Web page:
Adele is 44 and single with two children, age 14 and 21, living at home.
Adele earns good money as a self-employed professional, but wonders about her future given the competing demands on her income, one of which is the cost of putting her children through university.
Being single in Vancouver, “with the intent to remain as such,” requires careful financial planning “in light of the costs being borne by one person,” Adele writes in an e-mail. To help pay the mortgage, she rents out a basement suite for $500 a month.
The $96,000 or so she nets each year from her work – it varies – goes to education savings, her RRSP, the mortgage, life insurance, auto payments “and all other such details,” Adele adds. She hopes to “wind down” by the time she is 65 and wonders whether she’ll have enough money saved by then to maintain her current lifestyle.
Her main goal is “to ensure independent financial stability until the day I die – and maybe squeeze in a few holidays before retirement,” she writes.
She has no company pension, but she does have a registered retirement savings plan, in which she has unused contribution room.
Her main asset is her $645,000 home, against which she has a $343,110 mortgage at 3.99 per cent. Her expenses are modest, the main one being mortgage payments.
We asked Gina Macdonald, a financial planner at Macdonald Shymko & Co. Ltd. of Vancouver, to look at Adele’s situation.
What the expert says
Adele should use her cash on hand to pay off her car loan as soon as possible, Ms. Macdonald says. For an emergency fund, she should set up a secured line of credit instead of setting aside cash.
Based on the expense numbers she provided, Adele does seem to have a substantial monthly surplus.
First off, she should contribute the maximum of $2,500 a year for her younger child to a registered education savings plan to take full advantage of the federal government’s education savings grant.
She is contributing $1,500 a year now, which means there should be carry-forward grant money available; she could contribute up to $5,000 a year until she catches up.
Because of her high marginal tax bracket of 41 per cent, Adele should increase her RRSP savings to take full advantage of the tax refund and catch up with her unused contribution room, Ms. Macdonald says. She could use the income tax refund to make extra payments to her mortgage.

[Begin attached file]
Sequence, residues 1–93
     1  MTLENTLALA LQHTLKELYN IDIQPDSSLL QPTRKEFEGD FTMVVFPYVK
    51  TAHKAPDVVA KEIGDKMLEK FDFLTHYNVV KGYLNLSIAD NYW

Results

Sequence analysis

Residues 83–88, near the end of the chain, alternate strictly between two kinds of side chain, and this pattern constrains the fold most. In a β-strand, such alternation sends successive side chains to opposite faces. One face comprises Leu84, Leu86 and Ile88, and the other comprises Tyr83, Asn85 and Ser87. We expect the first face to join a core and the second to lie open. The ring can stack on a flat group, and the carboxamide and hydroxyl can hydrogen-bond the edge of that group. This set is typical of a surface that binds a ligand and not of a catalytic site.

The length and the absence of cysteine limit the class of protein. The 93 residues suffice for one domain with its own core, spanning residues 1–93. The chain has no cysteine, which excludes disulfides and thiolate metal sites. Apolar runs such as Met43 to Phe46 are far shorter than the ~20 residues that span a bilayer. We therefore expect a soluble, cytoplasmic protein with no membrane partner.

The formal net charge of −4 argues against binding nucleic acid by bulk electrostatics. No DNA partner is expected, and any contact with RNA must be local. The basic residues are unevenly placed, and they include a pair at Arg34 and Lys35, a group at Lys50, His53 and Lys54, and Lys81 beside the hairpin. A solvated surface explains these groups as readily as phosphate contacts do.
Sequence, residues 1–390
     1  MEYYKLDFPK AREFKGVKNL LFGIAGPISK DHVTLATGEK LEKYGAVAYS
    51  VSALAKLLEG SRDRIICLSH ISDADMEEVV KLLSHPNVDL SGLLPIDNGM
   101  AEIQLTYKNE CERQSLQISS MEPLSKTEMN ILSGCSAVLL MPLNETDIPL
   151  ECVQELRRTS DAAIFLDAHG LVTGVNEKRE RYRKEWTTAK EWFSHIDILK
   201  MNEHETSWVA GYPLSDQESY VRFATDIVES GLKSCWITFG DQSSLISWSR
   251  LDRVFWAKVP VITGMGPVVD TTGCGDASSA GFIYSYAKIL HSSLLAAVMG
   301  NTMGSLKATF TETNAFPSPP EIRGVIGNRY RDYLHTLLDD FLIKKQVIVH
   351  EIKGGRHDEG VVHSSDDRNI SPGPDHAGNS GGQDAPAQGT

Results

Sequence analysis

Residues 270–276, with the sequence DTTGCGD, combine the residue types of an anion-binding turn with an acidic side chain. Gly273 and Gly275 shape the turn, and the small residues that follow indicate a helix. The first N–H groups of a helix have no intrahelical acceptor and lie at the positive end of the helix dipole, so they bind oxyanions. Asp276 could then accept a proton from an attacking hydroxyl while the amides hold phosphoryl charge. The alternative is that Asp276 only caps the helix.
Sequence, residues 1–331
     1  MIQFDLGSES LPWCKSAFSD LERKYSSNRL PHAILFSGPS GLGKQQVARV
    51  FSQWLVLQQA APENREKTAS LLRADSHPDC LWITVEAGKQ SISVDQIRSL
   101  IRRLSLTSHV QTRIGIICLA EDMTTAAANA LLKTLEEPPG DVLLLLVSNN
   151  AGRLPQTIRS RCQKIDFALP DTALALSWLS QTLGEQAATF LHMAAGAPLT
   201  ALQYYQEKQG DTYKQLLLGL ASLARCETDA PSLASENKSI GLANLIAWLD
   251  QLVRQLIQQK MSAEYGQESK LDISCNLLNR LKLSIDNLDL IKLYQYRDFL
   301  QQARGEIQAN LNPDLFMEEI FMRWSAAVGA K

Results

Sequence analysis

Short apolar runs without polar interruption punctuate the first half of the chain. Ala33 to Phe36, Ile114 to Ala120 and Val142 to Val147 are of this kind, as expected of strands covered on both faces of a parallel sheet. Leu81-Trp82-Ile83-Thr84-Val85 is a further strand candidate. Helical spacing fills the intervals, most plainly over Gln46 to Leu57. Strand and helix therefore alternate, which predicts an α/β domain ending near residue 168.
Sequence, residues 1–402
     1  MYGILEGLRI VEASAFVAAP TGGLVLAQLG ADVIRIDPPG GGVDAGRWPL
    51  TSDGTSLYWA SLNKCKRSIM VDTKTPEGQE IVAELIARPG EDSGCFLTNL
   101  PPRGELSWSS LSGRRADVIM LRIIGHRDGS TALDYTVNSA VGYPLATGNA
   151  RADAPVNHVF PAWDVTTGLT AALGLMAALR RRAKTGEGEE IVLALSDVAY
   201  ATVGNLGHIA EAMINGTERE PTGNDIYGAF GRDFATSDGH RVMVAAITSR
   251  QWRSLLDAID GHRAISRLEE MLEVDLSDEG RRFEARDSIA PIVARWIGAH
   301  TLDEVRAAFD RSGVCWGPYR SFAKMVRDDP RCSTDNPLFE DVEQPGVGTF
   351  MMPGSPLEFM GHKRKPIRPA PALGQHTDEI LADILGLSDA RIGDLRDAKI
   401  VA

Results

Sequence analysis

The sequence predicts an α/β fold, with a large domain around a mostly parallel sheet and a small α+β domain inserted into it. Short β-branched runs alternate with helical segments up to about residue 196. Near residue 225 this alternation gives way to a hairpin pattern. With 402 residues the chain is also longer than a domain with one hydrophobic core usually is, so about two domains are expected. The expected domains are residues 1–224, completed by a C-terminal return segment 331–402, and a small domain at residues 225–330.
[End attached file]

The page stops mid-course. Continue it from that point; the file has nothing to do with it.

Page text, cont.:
“Debt repayment at 3.99 per cent is like earning 6.76 per cent [on investments] risk-free,” Ms. Macdonald says. “[Repaying the mortgage] is her best investment after RRSP contributions, the planner notes.
After the mortgage is paid off, Adele can direct the extra cash flow (she is paying $2,415 a month) to her RRSP, a tax-free savings account and a non-registered investment portfolio. As well, the planner suggests Adele continue to rent out part of her home.
In preparing her plan, Ms. Macdonald assumes that Adele gets maximum Canada Pension Plan and Old Age Security benefits, that she earns an average of 5.5 per cent a year on her investments, and that the inflation rate averages 2.5 per cent.
To ensure she has an income stream of about $55,000 a year after tax starting at age 65, Adele will have to save about $36,000 a year, Ms. Macdonald calculates. That amounts to another $2,000 a month.
Her retirement income will come from CPP, OAS, rental income, RRSP/RRIF/TFSA withdrawals and her investment portfolio.
Adele has set a retirement spending target at $70,000 a year after tax, but if her mortgage is paid off and she doesn’t have university tuition to pay, she should be able to live comfortably and do some travelling on $55,000 a year, the planner says.
“If she wants more in retirement, she will need to work longer, increase current savings or cut expenses,” she adds.
“Once her children leave home, she could rent out their bedrooms to university students,” Ms. Macdonald offers – a prospect that understandably may not suit Adele. Alternatively, she could downsize her living space at some point to free up extra money.
Adele, 44, and her two children, age 14 and 21.
Meeting her competing financial obligations on a single income in an expensive city.
Contribute to an RESP for the younger child to take advantage of the government grant, then increase RRSP contributions to take advantage of the tax break. Make extra mortgage payments when possible.
A clearer picture of the future and perhaps more realistic goals.
Monthly net income
Cash in bank $2,100; residence $645,000; RRSP $104,855; RESP $20,000. Total: $771,955
Mortgage $2,415; other housing costs $355; car lease $580; other transportation $335; groceries $600; clothing $120; gifts $90; vacation $50; entertainment $350; personal discretionary $30; dentists $200; drugstore $80; life insurance $45; telecom; RRSP $1,000; RESP $125. Total: $6,570 Surplus: $1,930
Mortgage $343,110; car loan at 5.99 per cent $2,315. Total: $345,425
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